What do you think of when you think of an extended family? Cousin Julie, Uncle John, Nanna and the rest? Or a group of related birds or mammals which is broader than a species but narrow enough to be a natural grouping?
Christmas is fresh in my mind as I write, as it may be in yours, but here I’m concerned with the taxonomic extended family, not the rellies. In particular, I have been thinking about honeyeaters and their next-nearest kin, Continue reading “Extended Honeyeater family”
This post parallels my recent Extended Honeyeater family essay and is prompted by the same holiday experiences: visiting Canberra and Victoria before Christmas I saw birds which don’t live around Townsville and wanted to fit them in to my existing knowledge.
It turns out that currawongs, magpies, crows and choughs are not all members of the same taxonomic family but are next-nearest kin, all being members of the superfamily Corvoidea comprising three families:
Corvidae: crows, ravens (and jays, which don’t occur in Australia)
Artamidae: woodswallows, butcherbirds, currawongs and Australian magpie
The links in that little list will take you to the respective family pages on Birdway and clicking on them in turn shows graphically that all three families put together contain fewer species than the single Honeyeater family.
We have two native crows and three ravens. They are all glossy black birds of similar sizes, so they are very difficult to tell apart.
Location is one clue. Here in Townsville we have the Torresian Crow (Corvus orru) and perhaps the Australian Raven (Corvus coronoides), and if we drive West over the Dividing Range we may see the Little Crow (Corvus bennetti). In Victoria and southern NSW, however, both Little and Australian Ravens are widespread and the Forest Raven is common within its limited range, but there are no crows.
I’m reasonably sure that my crows here are not ravens because the Australian Raven has much more prominent throat hackles than any of our crows and they should be obvious in my close-up.
The other two corvids on Birdway’s page, the House Crow and Eurasian Magpie, are Asian birds which have been seen here but have not naturalised. This means we only have one magpie, the Australian Magpie (Cracticus tibicen) which got its common name from the Eurasian Magpie but is not closely related to it: the Aussie is closer to currawongs and butcherbirds but the foreigner is closer to crows and ravens.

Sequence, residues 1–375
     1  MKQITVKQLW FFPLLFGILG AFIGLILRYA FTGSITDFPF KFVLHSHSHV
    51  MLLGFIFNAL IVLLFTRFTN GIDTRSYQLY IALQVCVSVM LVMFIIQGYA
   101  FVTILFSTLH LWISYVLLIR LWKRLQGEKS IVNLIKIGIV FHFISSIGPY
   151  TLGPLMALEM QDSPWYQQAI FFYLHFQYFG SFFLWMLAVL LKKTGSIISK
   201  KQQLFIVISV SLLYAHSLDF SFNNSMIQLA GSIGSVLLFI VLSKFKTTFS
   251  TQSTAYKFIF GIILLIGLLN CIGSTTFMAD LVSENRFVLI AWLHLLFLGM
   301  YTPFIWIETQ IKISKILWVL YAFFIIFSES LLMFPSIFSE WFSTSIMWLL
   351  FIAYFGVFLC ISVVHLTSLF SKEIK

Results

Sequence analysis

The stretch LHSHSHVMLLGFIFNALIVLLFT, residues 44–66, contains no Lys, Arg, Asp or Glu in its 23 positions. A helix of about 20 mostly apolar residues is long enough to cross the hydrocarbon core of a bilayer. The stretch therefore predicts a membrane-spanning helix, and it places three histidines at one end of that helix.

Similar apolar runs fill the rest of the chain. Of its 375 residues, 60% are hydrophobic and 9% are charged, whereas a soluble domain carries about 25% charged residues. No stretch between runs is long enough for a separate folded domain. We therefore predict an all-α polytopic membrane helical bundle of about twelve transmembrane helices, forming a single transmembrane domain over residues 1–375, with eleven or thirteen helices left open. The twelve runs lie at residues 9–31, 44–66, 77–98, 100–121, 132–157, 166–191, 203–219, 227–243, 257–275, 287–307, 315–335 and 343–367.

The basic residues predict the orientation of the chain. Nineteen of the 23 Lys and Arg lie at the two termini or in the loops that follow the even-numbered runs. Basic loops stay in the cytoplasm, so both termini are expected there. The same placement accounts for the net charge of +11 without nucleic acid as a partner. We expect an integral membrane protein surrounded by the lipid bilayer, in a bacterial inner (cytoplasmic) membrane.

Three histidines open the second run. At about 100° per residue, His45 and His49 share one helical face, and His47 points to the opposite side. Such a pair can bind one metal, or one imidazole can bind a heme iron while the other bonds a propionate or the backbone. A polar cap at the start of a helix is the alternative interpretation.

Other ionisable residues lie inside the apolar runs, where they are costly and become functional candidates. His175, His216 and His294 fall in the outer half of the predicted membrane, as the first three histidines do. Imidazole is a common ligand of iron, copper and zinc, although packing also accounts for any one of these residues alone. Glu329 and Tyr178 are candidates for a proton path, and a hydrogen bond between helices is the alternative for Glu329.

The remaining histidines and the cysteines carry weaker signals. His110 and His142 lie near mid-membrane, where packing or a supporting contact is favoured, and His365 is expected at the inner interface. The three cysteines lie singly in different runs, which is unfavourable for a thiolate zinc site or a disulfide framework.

Currawongs are the most crow-like of the Artamidae, being just as big and nearly as black. The Pied Currawong, Strepera graculina, is black with white flashes in wing, undertail and tail-tip, all more apparent in flight. It’s the species we have here and its range extends in a broad swathe all the way down the coast to Western Victoria.
The Grey Currawong (S. versicolor), whose range extends from about Sydney across to WA, and the Black Currawong, restricted to Tasmania, are quite similar to the Pied. If in doubt, look at their eyes (crows and ravens have white eyes but currawongs have yellow eyes) or listen to their voices (currawongs are more melodious than crows).
Finally, the bird which really triggered this exploration. I was having a thoroughly enjoyable day in Canberra’s Botanic Gardens until a niggling question intruded: just what was that other black bird? Solid black (or was that a flash of white in the wings as it flew off?), smallish for a crow or currawong but big for anything else, red-eyed, sociable and active on the ground? It didn’t ruin my day, of course – a new critter is always interesting – but it was a puzzle.
A bit of research identified it as the White-winged (really?) Chough, Corcorax melanorhamphos. On the ground, the finer beak and the red eyes distinguish it from crows and currawongs; in flight, currawongs have white in wings and tail, choughs have white only in the wings, and crows and ravens have no white at all.
The only other species in the Chough’s family is the Apostlebird, smaller and browner. Neither of them is common around Townsville but we’re not far from the edge of their ranges.